Daily Free Press
By Taylor Brokesh
April is National Poetry Month, and registration for the inaugural Roxbury Poetry Festival opened last Thursday. The free event will take place June 5 on Zoom from 10 a.m. to 9 p.m., with some in-person events if health mandates allow.
The festival will feature more than 30 speakers and a keynote speech by 2020 Pulitzer Prize winner Jericho Brown, according to its website. Poet Rachel McKibbens and author Safia Elhillo will also headline the event.
“As a fourth-generation Roxbury resident, it is so exciting to see the celebration of the power of poetry come to this neighborhood,” Mayor Kim Janey said in a press release. “As we continue to face the COVID-19 pandemic, the arts are an important part of our recovery.”
Porsha Olayiwola, the Poet Laureate of Boston since 2019, founded the Roxbury Poetry Festival and now serves as its director. She has been working as an artist in the Roxbury area for the past eight years, she said.
Olayiwola said the idea was borne from her desire to connect “spoken word” and “page” poetry artforms.
“The goal is, one, to highlight the cultural history and livelihood of Roxbury,” Olayiwola said. “The goal was to have an accessible communion of local and national writers, plus access to poetry and poetic resources.”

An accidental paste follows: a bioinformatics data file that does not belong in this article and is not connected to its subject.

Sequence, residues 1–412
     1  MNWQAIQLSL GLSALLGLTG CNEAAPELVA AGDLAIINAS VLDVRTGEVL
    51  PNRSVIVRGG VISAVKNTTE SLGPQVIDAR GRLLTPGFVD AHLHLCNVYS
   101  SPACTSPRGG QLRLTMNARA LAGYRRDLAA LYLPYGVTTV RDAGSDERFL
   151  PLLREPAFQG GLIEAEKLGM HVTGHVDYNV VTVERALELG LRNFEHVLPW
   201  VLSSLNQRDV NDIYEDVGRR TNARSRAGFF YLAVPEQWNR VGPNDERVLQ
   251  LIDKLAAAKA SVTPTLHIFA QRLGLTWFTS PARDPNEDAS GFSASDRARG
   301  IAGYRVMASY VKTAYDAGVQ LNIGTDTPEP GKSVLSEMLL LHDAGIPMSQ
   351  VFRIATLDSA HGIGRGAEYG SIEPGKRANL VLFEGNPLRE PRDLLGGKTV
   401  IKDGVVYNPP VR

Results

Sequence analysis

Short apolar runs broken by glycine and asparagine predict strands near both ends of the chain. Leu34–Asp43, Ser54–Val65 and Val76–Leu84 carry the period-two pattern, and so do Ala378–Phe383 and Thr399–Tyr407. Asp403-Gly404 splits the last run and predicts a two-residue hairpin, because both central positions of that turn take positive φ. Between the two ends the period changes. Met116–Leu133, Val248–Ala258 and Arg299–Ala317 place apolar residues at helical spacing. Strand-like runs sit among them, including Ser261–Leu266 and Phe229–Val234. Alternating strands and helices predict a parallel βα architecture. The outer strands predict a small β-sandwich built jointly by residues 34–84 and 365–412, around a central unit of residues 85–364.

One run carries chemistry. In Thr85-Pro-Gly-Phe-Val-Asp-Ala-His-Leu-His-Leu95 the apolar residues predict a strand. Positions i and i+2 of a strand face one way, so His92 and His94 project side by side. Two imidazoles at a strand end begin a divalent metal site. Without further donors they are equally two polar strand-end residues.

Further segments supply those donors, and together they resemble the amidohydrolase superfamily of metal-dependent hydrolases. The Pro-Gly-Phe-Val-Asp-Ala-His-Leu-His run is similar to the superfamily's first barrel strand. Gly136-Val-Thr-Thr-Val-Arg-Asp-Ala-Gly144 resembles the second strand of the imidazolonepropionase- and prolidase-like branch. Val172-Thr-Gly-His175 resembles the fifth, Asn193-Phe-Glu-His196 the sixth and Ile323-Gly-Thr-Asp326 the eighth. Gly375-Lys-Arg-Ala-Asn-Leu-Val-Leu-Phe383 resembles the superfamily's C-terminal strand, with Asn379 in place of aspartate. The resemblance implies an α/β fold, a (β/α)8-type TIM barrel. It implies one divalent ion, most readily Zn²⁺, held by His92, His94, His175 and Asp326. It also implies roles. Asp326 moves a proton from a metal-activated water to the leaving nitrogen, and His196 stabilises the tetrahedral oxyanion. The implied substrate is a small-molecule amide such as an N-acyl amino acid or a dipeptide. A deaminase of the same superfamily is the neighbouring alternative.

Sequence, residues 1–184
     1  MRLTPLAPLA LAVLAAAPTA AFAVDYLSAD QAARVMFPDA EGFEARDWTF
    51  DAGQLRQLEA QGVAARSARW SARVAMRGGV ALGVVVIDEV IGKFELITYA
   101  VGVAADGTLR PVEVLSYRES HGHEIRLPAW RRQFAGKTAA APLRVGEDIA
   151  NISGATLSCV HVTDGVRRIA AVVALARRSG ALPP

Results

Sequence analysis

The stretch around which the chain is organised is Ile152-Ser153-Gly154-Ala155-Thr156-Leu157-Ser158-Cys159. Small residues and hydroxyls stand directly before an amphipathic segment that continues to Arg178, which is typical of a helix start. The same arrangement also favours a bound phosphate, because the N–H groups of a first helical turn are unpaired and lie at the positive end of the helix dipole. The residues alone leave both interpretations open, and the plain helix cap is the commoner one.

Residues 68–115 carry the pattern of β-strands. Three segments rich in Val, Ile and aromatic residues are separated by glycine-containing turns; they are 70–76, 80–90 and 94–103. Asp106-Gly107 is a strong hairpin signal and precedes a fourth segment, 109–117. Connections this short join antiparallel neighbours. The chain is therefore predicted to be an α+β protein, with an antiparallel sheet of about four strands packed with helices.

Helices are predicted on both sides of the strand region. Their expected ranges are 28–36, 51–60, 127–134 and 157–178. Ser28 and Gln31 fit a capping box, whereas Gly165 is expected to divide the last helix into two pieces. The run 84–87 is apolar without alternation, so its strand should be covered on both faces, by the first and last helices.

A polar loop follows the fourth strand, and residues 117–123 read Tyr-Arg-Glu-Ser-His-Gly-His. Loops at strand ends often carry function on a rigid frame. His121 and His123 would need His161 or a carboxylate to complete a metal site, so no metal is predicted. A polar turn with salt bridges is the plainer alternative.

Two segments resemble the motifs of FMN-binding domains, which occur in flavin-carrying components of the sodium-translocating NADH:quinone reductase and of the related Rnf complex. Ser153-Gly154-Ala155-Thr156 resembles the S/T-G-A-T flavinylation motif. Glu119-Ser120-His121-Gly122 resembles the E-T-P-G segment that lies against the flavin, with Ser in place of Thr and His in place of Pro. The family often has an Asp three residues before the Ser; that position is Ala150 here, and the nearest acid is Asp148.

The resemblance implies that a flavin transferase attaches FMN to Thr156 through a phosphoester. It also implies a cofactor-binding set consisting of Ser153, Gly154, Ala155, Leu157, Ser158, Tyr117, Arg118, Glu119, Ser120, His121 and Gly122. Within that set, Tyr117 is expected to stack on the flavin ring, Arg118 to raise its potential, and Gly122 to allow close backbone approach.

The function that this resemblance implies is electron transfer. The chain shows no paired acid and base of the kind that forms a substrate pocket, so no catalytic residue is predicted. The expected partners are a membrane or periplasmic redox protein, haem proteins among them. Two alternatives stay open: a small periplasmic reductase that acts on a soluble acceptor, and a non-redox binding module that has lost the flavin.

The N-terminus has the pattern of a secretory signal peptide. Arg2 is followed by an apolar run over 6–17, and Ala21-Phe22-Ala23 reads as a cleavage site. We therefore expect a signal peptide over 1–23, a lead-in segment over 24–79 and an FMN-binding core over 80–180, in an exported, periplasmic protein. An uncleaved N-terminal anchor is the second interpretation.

The schedule will consist of several panels, workshops, readings and an open mic — all of which Olayiwola said she is “super excited” for.
Independent publisher Button Poetry will also sponsor a Publisher’s Poetry Slam to happen at the festival. The winner of the slam will earn a book deal, Olayiwola said.
Scheduled next is “Beast the Beat” — a hip-hop concert battle inspired by the online “Versuz” series. These events are planning to happen in person at Nubian Square’s Blair Lot and with COVID precautions and protocols in place.
Olayiwola said there are plans to continue the festival every two years in collaboration with Mass Poetry, which plans to host the Massachusetts Poetry Festival the weekend of May 13, which will now be a biennial event.
“We’re hoping this continues forever,” she said.
Maria Daniels, the director of Communications and Patron Services at the Boston Athenaeum library, said Boston’s history as an educational hub is interlinked with its poetic expression.
“Because of the universities that we have here, there’s always been a tradition of teaching and learning, and that includes the expressive arts,” she said. “You’ve got publishers who are publishing literary works, you’ve got people interested in reading and teaching and writing them.”
Daniels said that this literary heritage and Boston’s reputation as an artistic center continues today through festivals such as these.
“I believe the Roxbury Poetry Festival actually reaches out to many communities, and reaches out to young poets and looks for local voices in the way that people have been doing in Boston for a long time,” she said.
Olayiwola said the turmoil of the past year has inspired many people to turn to poetry.
“This last year and a half has been unnameable, has been indescribable,” she said. “[Poetry] brings us closer in a way that it names all the things we’re all experiencing, or maybe not knowing how to name ourselves.”